TRI COUNTY REPORT FOR MARCH 15TH, 2022

The New Castle News reports a buildup of natural gas inside a home on New Castle’s East Side caused of a fire and an explosion on Sunday. The homeowners George and Cindy McNary escaped injury.  Firemen were called to the scene just before 8pm when the McNary’s reporting the blast that blew multiple windows out of their home. Fire officials said the house is uninhabitable and the Red Cross is accommodating the couple with a place to stay.

Two Republican state lawmakers are hoping to fight rising gas prices in the state with a proposal to roll back energy regulations.  State Senators Scott Hutchinson and Doug Mastriano say their bill would stabilize energy costs by offering energy providers tax incentives, new state lands for production, and exemption from some state EPA rules.  The bill would also make it so any coal or natural gas extracted from Pennsylvania can only be regulated by commonwealth authorities.  The Senators say Pennsylvania has enough resources to be largely immune from energy cost volatility. 

A federal survey Pennsylvania has exported more electricity than any other state in the country. “The Pittsburgh Business Times” relays the commonwealth exported 85 point five million megawatt hours during 2021. The U.S. Energy Information Administration also says the state also is the top generator of natural gas and nuclear energy,  as well as third in coal-fired generated energy. 

PennDOT announced slide repair work began this week on Route 588 in North Sewickly Township. The Ellwood City Ledger reports during the repairs and drainage improvements, around-the-clock closures will take place between River Road and Seventh Street through mid-May. Detours are posted.    

The number of COVID cases in Pennsylvania continues to drop every day. As of Monday, March 15th,  the state health department says there were just under 225 new cases reported on Sunday – down from 365 Sunday and nearly three times that Saturday. The statewide  positivity rate for the week ending March 10 was three point six percent,  which was a whole percent lower than the previous week’s rate.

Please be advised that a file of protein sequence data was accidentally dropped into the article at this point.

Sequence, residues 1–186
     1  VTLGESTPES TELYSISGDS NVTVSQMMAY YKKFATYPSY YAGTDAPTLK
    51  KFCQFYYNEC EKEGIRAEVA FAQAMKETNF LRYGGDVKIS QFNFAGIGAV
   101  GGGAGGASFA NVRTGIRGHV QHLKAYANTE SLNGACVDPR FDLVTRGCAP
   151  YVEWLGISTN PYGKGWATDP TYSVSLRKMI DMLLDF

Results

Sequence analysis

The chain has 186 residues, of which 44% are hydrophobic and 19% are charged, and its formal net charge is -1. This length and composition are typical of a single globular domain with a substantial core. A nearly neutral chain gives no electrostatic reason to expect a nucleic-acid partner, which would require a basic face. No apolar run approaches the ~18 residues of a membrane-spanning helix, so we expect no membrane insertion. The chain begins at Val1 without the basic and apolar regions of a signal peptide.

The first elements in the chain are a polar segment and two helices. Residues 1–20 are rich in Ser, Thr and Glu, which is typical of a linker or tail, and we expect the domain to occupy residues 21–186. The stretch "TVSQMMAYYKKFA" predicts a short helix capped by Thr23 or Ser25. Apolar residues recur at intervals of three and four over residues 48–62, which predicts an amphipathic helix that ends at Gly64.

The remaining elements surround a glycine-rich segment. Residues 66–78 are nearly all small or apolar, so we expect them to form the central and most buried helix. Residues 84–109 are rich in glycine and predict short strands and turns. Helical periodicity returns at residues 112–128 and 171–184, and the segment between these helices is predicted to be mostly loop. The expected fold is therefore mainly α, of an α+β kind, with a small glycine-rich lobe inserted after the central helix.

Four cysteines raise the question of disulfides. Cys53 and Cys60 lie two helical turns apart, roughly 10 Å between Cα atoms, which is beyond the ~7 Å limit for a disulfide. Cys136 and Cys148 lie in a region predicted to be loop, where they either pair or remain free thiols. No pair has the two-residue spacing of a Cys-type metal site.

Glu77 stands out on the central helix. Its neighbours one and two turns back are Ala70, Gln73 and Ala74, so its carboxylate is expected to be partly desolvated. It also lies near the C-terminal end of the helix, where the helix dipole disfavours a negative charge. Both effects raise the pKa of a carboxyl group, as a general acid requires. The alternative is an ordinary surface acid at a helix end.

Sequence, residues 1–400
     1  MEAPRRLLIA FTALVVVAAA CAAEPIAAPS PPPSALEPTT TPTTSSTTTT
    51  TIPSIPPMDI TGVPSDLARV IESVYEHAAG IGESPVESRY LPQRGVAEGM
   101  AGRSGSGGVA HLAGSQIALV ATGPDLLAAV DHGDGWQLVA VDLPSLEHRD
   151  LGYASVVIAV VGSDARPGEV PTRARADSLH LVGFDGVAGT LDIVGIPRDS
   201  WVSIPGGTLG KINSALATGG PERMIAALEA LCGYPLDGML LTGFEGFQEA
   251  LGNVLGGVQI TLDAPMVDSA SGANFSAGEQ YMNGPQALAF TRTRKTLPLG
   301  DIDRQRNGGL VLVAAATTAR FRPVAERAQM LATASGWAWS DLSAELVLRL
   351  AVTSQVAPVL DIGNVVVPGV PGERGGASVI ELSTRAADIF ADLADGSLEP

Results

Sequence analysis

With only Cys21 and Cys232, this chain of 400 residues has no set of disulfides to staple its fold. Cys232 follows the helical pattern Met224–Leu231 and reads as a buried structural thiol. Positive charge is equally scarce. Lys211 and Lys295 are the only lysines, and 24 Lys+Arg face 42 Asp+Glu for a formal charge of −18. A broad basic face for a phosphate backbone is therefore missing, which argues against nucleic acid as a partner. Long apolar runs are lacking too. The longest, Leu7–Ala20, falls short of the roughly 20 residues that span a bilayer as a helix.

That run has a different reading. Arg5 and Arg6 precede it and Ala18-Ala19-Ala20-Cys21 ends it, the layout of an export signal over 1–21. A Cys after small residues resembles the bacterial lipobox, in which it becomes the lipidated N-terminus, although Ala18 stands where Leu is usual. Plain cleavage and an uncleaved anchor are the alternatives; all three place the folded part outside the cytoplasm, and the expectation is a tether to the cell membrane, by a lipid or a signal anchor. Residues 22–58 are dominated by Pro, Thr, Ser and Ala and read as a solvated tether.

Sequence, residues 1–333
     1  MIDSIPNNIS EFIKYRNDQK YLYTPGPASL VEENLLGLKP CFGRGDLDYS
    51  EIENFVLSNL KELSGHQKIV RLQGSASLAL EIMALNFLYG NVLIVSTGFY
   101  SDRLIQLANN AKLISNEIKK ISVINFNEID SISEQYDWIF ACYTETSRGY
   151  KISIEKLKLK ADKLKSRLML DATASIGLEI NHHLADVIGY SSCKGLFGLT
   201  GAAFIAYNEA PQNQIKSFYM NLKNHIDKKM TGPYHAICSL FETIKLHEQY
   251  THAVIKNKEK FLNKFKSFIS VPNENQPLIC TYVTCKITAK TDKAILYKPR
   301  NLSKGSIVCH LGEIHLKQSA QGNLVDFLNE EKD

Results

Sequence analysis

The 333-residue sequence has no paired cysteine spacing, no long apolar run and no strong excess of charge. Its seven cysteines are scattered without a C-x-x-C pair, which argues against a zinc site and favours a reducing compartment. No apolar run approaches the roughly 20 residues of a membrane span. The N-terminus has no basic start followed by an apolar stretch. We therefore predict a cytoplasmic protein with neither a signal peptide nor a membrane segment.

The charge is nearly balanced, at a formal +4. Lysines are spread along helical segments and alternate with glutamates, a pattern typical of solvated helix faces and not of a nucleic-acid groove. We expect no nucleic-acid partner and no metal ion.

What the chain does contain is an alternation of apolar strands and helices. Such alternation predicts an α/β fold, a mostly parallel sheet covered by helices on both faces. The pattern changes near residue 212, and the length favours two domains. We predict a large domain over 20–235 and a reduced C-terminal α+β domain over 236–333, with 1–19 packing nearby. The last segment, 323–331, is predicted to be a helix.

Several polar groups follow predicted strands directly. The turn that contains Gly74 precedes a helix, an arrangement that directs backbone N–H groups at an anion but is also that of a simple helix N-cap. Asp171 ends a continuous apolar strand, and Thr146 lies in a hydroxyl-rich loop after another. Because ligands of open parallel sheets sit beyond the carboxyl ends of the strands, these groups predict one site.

Leaders at local hospitals are reporting fewer COVID-19 admissions.  UPMC officials say one-hundred-40 patients are hospitalized with the virus at the organization’s 40 hospitals.  Allegheny Health reports only 28 admissions at 13 facilities.  UPMC Chief Medical Officer Doctor Donald Yealy says those numbers would have been over one-thousand around two months ago.

Area residents who use Uber for transportation or to order food are going to see higher prices for the service starting this week.  The company says it will add gas surcharges to their standard fee to help drivers deal with soaring gasoline prices.  Uber says the cost will be around 55-cents per ride and 45-cents per food delivery, with 100-percent of the new surcharge going directly to drivers.  The new fee is expected to go into effect on March 16th and last at least 60 days.  

Former Pennsylvania Attorney General Kathleen Kane has been arrested. State police say she was taken into custody over the weekend for driving under the influence following a crash in Scranton. Authorities have not released her blood alcohol level and it was unclear if a test was done for her.  Kane, who is 55, served as the state’s attorney general for three years, until she was convicted of perjury and other crimes.

The Pennsylvania State Horse Racing Commission has issued new regulations at its six tracks.  Officials say the measures stem from wanting to control illegal or unethical practices that have risen in recent years, such as jockeys betting on others’ horses and using drugs to enhance horses’ performances. The regulations include a new hotline where tips can be given  anonymously  to report suspected behavior.